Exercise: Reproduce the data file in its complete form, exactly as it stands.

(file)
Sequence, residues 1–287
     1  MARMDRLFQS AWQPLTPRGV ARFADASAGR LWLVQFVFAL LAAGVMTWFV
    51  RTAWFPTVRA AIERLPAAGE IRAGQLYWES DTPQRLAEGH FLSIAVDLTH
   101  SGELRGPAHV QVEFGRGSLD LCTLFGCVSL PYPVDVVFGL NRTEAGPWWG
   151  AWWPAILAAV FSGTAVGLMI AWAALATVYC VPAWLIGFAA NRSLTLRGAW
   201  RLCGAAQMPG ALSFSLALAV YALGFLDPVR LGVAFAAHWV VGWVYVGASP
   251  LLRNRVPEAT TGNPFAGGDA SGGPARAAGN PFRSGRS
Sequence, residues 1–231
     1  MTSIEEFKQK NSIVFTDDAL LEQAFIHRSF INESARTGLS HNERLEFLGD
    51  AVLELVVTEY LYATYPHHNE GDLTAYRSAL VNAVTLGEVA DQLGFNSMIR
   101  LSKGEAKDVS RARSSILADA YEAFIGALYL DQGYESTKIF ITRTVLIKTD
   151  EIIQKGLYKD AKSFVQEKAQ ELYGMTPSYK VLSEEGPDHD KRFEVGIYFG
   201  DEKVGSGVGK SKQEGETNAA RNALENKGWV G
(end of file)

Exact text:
Sequence, residues 1–287
     1  MARMDRLFQS AWQPLTPRGV ARFADASAGR LWLVQFVFAL LAAGVMTWFV
    51  RTAWFPTVRA AIERLPAAGE IRAGQLYWES DTPQRLAEGH FLSIAVDLTH
   101  SGELRGPAHV QVEFGRGSLD LCTLFGCVSL PYPVDVVFGL NRTEAGPWWG
   151  AWWPAILAAV FSGTAVGLMI AWAALATVYC VPAWLIGFAA NRSLTLRGAW
   201  RLCGAAQMPG ALSFSLALAV YALGFLDPVR LGVAFAAHWV VGWVYVGASP
   251  LLRNRVPEAT TGNPFAGGDA SGGPARAAGN PFRSGRS
Sequence, residues 1–231
     1  MTSIEEFKQK NSIVFTDDAL LEQAFIHRSF INESARTGLS HNERLEFLGD
    51  AVLELVVTEY LYATYPHHNE GDLTAYRSAL VNAVTLGEVA DQLGFNSMIR
   101  LSKGEAKDVS RARSSILADA YEAFIGALYL DQGYESTKIF ITRTVLIKTD
   151  EIIQKGLYKD AKSFVQEKAQ ELYGMTPSYK VLSEEGPDHD KRFEVGIYFG
   201  DEKVGSGVGK SKQEGETNAA RNALENKGWV G